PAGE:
In procurement, category management means organizing purchases into units that match distinct categories of suppliers (rather than according to internal needs and processes), and then aligning management of those categories to the organization’s key objectives.
With category management, organizations can pursue distinct strategies that match the realities of each category, rather than simply trying to negotiate lower prices. For example, maintenance, repair and operations (MRO) materials as a category may be most effectively managed by bringing more spend under management across locations and normalizing part-numbering systems to identify consolidation opportunities. For the IT category, the greatest benefit might be obtained by examining licensing terms, improving the ability to tie costs to business functions and creating a more efficient RFP process for new deployments. By applying differentiated approaches to each category, the purchasing organization can achieve greater value.
Savings in sight
By providing the ability to consolidate purchases appropriately, deeply analyze spend and match procurement strategies to market realities, effective category management can drive down purchasing costs significantly. In a survey by Future Purchasing, those identified as category management leaders saved 11% or more on total spend. However, less than a third of organizations in the survey described themselves as having optimized capabilities as of 2017.
Using information to your advantage
With the increasing digitization of the procurement lifecycle, companies can address some of the most prevalent barriers to success. First, there’s the availability of data necessary to categorize purchases. Most large companies have centralized procurement operations, but they often incorporate a specific subset of purchases such as those from contracted suppliers. They often lack a comprehensive view, especially for categories considered “non-strategic” such as office supplies and MRO.
Many organizations use Amazon Business to consolidate off-contract spend, which makes a higher proportion of purchases available for categorization. The easy-to-use, yet powerful reporting tools can help category managers analyze what’s being bought and by whom.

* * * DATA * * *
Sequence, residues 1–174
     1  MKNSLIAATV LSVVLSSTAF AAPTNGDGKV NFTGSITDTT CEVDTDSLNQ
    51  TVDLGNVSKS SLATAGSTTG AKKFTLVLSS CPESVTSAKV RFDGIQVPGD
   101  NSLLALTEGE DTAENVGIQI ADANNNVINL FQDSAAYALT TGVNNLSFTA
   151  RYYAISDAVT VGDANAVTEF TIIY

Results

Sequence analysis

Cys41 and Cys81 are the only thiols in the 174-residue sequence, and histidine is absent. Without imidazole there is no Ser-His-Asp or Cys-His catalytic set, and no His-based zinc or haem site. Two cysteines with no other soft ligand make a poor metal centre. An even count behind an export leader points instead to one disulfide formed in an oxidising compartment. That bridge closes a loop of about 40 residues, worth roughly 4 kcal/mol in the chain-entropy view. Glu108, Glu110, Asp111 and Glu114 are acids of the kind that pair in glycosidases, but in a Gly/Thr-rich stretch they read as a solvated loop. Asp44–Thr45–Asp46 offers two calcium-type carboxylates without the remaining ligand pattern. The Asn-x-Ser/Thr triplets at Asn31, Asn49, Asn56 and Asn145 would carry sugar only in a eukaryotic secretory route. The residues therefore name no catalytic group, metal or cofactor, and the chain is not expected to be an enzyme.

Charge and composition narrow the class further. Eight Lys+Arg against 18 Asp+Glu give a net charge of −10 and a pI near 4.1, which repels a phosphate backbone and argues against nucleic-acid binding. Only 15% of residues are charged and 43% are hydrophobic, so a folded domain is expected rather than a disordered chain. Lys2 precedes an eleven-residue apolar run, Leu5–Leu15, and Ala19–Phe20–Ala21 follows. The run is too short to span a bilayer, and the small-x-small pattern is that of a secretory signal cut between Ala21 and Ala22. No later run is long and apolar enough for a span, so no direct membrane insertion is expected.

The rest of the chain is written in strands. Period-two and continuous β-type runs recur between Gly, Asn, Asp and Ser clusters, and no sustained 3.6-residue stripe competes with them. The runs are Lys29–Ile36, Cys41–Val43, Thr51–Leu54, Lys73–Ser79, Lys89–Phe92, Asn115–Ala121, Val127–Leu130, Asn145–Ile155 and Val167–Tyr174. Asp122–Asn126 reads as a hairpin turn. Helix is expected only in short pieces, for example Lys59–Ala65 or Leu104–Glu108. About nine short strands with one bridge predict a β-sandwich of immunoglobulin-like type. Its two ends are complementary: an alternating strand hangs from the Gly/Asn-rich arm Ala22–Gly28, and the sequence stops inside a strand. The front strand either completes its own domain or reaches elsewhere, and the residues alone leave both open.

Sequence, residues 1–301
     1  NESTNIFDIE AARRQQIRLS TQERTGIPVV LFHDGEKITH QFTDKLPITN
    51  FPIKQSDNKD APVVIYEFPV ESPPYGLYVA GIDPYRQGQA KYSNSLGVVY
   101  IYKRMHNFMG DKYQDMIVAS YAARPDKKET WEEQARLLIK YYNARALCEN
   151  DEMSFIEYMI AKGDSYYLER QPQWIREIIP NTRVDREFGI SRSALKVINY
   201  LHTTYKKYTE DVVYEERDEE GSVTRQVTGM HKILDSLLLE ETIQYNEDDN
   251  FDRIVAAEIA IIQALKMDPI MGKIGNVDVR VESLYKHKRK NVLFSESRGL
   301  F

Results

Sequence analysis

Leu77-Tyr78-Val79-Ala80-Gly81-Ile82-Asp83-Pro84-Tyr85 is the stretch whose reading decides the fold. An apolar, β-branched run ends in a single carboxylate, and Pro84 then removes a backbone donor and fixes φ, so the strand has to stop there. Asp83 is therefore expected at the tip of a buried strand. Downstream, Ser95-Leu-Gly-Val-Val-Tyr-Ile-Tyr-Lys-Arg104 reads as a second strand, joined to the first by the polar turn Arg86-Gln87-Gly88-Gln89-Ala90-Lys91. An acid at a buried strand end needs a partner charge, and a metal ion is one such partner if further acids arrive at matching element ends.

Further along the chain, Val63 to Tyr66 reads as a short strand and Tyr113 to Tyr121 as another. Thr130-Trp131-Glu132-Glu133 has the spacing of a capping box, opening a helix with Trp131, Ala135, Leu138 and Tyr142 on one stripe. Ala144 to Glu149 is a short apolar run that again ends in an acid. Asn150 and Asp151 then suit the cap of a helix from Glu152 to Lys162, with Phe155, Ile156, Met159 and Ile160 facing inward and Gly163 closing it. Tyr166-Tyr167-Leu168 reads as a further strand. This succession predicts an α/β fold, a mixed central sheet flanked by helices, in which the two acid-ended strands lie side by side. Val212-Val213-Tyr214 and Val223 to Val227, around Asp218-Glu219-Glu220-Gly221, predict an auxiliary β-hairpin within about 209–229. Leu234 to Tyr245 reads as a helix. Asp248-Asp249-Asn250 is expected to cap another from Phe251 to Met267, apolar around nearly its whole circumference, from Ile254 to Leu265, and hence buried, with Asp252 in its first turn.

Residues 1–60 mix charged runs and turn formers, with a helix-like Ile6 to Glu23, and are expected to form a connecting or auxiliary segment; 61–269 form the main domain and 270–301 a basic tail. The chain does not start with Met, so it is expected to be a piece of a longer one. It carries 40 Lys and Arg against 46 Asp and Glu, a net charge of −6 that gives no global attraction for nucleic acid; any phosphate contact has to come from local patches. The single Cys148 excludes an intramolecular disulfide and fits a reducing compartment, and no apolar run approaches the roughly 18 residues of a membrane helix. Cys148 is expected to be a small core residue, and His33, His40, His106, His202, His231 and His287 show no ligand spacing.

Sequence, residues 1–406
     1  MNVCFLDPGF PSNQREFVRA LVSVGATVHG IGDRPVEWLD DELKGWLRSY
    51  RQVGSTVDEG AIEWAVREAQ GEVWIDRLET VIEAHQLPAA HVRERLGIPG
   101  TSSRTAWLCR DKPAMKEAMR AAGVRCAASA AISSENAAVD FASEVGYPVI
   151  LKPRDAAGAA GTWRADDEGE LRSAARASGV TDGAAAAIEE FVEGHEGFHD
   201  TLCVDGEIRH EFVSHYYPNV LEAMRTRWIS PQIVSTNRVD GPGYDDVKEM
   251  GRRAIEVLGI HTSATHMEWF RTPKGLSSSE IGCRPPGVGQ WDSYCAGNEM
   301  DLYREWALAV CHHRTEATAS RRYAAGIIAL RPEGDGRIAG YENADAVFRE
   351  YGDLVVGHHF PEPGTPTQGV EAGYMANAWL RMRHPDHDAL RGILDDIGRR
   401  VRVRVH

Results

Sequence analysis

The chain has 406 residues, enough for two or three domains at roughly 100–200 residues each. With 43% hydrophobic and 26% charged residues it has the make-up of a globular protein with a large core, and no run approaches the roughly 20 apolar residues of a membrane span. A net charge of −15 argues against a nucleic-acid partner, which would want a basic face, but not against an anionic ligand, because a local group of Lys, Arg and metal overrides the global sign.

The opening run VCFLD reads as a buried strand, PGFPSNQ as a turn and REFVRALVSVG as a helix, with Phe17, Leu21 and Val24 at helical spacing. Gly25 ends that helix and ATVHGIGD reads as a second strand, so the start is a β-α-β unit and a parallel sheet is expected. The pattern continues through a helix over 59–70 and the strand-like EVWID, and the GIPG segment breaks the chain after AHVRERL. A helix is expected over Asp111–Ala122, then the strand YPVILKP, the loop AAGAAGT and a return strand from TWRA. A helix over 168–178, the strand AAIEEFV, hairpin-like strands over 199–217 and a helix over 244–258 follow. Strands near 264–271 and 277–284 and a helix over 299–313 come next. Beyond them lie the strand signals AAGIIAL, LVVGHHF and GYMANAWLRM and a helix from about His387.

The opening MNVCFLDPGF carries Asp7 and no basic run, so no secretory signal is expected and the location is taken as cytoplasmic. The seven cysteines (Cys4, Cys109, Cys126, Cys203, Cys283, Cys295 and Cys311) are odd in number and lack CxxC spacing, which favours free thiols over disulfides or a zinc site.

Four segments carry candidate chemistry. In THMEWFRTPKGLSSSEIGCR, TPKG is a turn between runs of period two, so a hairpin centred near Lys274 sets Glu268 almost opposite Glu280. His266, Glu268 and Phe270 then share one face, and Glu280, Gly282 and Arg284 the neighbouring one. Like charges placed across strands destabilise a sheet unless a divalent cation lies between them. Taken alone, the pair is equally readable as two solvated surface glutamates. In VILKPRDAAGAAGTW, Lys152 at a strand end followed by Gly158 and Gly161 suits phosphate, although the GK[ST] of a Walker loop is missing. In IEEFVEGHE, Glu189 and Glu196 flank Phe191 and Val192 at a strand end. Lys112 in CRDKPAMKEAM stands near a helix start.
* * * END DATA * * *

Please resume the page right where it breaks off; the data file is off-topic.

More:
The second challenge is getting the required buy-in from the various stakeholders. Category management is a cross-functional discipline that requires input from business decision makers, not just procurement professionals.
Digital procurement tools reduce the amount of time and effort required to participate in the category management discussion. With the right data, stakeholders can make faster decisions, identify redundancies, monitor trends and measure the results of their efforts for continuous improvement.
In addition to how organizations track and analyze their own spending, category management relies on an understanding of how suppliers behave. By bringing many suppliers together in one place, Amazon Business enables organizations to see development within categories in real time. They can find innovative new offerings, track prices over time and identify potential partnerships within product categories.
There’s also a larger opportunity for organizations to redefine how they engage with suppliers. Traditional category management revolves around bringing more purchases under the heading of “planned spend,” with catalog-based pricing built on long-term, high-volume contracts. Amazon Business opens the possibility of a different approach—one that leverages the open marketplace model of Amazon rather than the planned spend model, driving down prices for a wide range of items. This also lets teams focus on more strategic efforts such as changing internal processes and behaviors, managing supplier relationships and forecasting trends.